Joe recently found an unusual set of items. We have never seen anything like them before although we have an idea of what they may have been used for.
It is a set of five triangle-shaped salt-glazed nesting cups. I very much like salt glazed pottery and these unique cups make a nice addition to my collection. They have a crude hand-made quality and a very rough surface.
The largest cup in the set even has the manufacturer’s name stamped into it. It is difficult to make out but it looks like Goebel Sch…
Were they made in America or could they have come from Germany?
Although Joe found the set in an old trunk, someone took the time and effort to place a little wad of newspaper between each cup, as a cushion so they would not get broken. That definitely sounds like something my grandma Schumm or my mom would do. They both took very good care of their household items and that trait was probably handed down to them from someone else in the family. So these little cups may even predate my grandmother. Perhaps they were used in the second half of the 19th century by one of my Schumm, Scaer, or Breuninger ancestors. Who knows how old these little cups are and who carefully stored them away in the old trunk.
I carefully unfolded the little wads of newspaper and saw that some of the print was in English and one piece of paper was in German. There was a date of February 1860 for what appeared to be a notice for the sale of some property. I also saw the names New York and Massachusetts. Those were printed in English. Hamilton, Ohio, was printed on the German paper. We will probably never know what they were reading or where the papers came from.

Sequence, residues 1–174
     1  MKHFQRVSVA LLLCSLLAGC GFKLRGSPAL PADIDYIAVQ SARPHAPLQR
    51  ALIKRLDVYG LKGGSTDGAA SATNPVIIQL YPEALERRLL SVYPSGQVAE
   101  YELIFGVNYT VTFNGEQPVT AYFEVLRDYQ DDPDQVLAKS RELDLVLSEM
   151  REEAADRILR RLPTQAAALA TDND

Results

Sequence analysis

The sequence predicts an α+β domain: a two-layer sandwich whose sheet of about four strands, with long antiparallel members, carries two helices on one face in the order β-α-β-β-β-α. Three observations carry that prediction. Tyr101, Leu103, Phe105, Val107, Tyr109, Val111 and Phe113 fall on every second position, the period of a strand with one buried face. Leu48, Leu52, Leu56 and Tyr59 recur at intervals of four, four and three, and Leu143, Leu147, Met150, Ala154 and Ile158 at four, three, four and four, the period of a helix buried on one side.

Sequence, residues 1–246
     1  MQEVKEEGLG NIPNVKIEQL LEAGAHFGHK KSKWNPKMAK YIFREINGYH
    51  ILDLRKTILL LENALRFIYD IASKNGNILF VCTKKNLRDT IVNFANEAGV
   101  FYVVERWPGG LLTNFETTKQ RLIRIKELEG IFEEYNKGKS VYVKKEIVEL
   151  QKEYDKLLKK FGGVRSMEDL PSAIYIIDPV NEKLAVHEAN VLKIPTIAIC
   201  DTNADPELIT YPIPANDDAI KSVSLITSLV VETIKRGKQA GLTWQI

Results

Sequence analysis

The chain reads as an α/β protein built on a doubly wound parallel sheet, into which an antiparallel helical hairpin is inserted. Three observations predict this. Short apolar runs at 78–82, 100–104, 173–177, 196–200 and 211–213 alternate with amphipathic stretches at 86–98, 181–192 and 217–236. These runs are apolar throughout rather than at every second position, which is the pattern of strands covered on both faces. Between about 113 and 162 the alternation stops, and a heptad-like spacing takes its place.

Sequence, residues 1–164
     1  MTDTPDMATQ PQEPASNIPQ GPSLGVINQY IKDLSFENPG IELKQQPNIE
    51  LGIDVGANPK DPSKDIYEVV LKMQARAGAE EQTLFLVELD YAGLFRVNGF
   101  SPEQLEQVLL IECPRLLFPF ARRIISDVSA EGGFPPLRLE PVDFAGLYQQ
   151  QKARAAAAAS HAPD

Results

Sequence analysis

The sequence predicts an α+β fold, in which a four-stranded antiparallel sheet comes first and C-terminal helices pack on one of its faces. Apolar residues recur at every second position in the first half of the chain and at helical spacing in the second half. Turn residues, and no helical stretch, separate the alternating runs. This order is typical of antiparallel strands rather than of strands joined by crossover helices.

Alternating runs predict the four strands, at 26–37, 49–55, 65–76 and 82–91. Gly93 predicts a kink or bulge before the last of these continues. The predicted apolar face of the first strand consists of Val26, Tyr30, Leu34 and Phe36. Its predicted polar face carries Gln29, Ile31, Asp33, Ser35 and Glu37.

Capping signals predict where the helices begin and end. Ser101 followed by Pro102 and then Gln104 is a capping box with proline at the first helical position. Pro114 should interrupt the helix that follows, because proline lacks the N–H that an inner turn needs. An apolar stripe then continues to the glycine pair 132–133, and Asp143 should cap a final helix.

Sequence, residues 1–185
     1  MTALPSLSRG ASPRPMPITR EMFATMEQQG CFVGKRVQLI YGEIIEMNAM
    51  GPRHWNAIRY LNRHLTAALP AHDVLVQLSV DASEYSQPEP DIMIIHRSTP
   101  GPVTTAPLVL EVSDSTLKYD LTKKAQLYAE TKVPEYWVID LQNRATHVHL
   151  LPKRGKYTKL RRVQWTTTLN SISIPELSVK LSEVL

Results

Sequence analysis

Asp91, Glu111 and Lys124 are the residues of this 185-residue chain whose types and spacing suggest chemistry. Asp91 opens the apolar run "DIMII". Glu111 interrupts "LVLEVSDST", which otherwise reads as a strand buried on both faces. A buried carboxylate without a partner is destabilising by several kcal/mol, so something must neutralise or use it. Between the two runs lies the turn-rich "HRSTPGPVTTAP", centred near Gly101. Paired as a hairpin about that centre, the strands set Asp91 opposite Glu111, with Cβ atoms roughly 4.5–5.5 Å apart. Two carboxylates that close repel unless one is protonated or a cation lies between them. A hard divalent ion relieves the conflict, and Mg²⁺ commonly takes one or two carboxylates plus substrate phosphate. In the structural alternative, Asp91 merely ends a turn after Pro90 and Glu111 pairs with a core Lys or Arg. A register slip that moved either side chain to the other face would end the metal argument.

The largest cup is 4.5 inches tall and holds 1½ cups (12 oz). The next cup is 3¾ inches tall and holds 5 oz. The middle one is 3 inches tall and holds 2 oz. The second smallest cup is 2¼ inches tall and holds ¾ oz. The smallest cup is 1¾ inches and holds ¼ oz.
I am guessing that they were measuring cups for the kitchen. How else did women measure when they baked? Considering their shape, it would have been easy to pour liquids from them. But they are rather heavy and bulky.
Or, could they have been used in the barn, for the animals? Or for measuring something for the farm?
I would sure like to hear from anyone who knows what these little cups were used for or if anyone has seen anything like them before.
I came across a very similar cup (just one, not a set) – same square potter’s mark on the side, a little over 4.5 inches tall. It belonged to my parents but I had no idea of its history. Thank you for giving me some insight as to its purpose!
You are the first person I know of that has seen anything similar. I sure wish I knew what they were used for. If you learn anything, please let me know! Thanks for writing.